The MNR recognizes fire as an essential process fundamental to the ecological integrity of conservation reserves. In accordance with existing Conservation Reserve Policy and the Forest Fire Management Strategy for Ontario, forest fire protection will be carried out as on surrounding lands.
Whenever feasible, the MNR fire program will endeavour to use "light on the land" techniques, which do not unduly disturb the landscape, in this conservation reserve. Examples of light on the land techniques may include limiting the use of heavy equipment or limiting the number of trees felled during fire response efforts.
Opportunities for prescribed burning to achieve ecological or resource management objectives may be considered. These management objectives will be developed with public consultation prior to any prescribed burning, and reflected in the document that provides management direction for this conservation reserve. Plans for any prescribed burning will be developed in accordance with the MNR Prescribed Burn Planning Manual, and the Class Environmental Assessment for Provincial Parks and Conservation Reserves (approval pending).
Personal use permits for wood harvesting are not permitted
The recreational human induced impacts on the forest community will be monitored and restricted in some areas if deemed necessary. Activities such as ATV use may have the potential to disturb and damage ecologically sensitive species such as mosses and lichens.
Programs may be developed to control forest insects and diseases in the conservation reserve where these threaten significant values in or adjacent to the site. Where insects or disease threaten significant values, in or adjacent to the site, control will be directed as narrowly as possible to the specific insect or disease. Biological control will be used whenever possible. Regard shall be had for the Test of Compatibility.
Guideline-fish and wildlife:
Fish and wildlife resources will continue to be managed in accordance with policies and regulations prevailing in the area and under the direction of the Tomiko Area Supervisor. Provincial legislation and policy will dictate management and enforcement objectives for this area.
3.9 Cultural Resource Stewardship
There have been no specific studies or inventories undertaken by the MNR within the conservation reserve and no specific cultural resource values that have been evaluated or identified to date. However, the Nipissing First Nation has identified areas of high potential heritage within the site.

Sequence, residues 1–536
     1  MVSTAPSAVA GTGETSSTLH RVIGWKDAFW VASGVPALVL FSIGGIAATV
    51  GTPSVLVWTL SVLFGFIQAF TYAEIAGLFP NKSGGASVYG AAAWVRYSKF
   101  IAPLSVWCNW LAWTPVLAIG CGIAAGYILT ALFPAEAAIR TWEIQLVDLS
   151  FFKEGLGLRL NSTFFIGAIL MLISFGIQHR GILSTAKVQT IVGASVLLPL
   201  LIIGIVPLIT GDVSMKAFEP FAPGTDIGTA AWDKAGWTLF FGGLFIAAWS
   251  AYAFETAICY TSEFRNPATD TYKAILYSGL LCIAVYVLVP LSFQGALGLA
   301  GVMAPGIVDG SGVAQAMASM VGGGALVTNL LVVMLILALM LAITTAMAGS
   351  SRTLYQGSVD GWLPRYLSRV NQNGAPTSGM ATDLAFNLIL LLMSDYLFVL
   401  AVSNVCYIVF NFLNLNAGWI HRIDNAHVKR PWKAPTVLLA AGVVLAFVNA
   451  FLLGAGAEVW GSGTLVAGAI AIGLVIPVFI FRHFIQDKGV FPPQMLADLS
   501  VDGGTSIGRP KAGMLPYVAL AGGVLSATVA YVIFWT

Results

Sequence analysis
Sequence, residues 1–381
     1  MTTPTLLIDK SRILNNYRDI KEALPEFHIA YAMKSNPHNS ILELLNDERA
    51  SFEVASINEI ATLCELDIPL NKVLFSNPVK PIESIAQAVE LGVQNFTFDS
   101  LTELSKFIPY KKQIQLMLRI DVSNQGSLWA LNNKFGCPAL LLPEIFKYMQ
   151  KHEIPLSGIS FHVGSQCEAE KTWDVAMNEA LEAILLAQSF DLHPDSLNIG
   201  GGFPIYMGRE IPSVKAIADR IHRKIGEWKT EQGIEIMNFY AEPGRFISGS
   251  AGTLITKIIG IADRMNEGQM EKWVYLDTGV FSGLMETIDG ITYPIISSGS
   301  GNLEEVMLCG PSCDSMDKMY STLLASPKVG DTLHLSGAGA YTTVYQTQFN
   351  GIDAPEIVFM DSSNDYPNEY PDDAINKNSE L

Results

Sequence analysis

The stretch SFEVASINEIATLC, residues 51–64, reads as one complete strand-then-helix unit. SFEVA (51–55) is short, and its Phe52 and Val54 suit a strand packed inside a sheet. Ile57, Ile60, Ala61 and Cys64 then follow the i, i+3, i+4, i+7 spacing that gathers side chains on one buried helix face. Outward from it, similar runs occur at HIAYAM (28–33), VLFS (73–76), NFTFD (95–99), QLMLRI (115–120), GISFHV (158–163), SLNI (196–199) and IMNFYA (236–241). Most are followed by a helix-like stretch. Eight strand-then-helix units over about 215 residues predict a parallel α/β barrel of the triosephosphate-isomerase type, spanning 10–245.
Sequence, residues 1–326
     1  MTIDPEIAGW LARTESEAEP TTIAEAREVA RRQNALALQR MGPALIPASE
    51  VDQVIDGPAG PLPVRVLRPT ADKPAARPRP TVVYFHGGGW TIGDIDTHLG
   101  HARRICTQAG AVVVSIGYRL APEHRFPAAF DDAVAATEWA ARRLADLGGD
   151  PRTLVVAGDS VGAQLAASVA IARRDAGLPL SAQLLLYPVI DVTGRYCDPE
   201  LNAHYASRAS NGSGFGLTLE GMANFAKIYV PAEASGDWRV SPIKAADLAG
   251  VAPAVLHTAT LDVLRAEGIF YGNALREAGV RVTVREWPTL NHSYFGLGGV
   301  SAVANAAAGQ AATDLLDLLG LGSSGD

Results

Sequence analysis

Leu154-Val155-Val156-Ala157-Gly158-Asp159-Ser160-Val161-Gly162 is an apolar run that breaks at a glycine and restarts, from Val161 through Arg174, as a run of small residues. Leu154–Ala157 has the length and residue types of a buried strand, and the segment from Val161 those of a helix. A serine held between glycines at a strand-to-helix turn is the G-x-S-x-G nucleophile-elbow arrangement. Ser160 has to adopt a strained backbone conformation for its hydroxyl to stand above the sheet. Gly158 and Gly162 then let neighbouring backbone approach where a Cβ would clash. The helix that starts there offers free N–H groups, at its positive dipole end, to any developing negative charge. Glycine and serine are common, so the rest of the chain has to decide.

Should the MNR consider new structural development, significant clearing of vegetation or altering of land within this conservation reserve, the MNR will adhere to the cultural heritage resource screening process as is identified in its Memorandum of Understanding (MOU) with the Ministry of Culture (MCL). While the purpose of this MOU is to provide a process to identify and protect cultural heritage resources when the MNR is reviewing work permits or disposing of Crown rights under the authority of the Public Lands Act, the considerations and criteria would also enable the MNR to identify high potential cultural heritage areas for other purposes within conservation reserves. If the screening process indicates that the site of a proposed activity is within an area of high cultural heritage potential, the MNR will consult with the MCL to determine the appropriate cultural heritage assessment requirements and will undertake a preliminary archaeological assessment if appropriate.
3.10 Client services
There are currently no client services associated with this conservation reserve.
The focus will remain on low key information and self-interpretation of conservation reserve features. Messages should focus on the area’s natural heritage features, recreation opportunities, nature appreciation and education.
Information regarding the Mudcat Lake Forest Conservation Reserve may be delivered from different sources, however, MNR will be the lead agency for responding to inquiries. A management agreement may be pursued with an appropriate partner to share responsibilities for information services and the delivery of other aspects of this SCI.
Consideration will be given to the strategic location of signs where roads or trails cross the conservation reserve boundary. There are no other plans for structural development within this conservation reserve.
3.11 Monitoring, assessment and research
Research and assessment to date has included an earth science, life science and recreation checksheets. Since recommendations were provided, these checksheets have been used in the assessment of this site. There are two permanent research plots within the boundaries of the conservation reserve.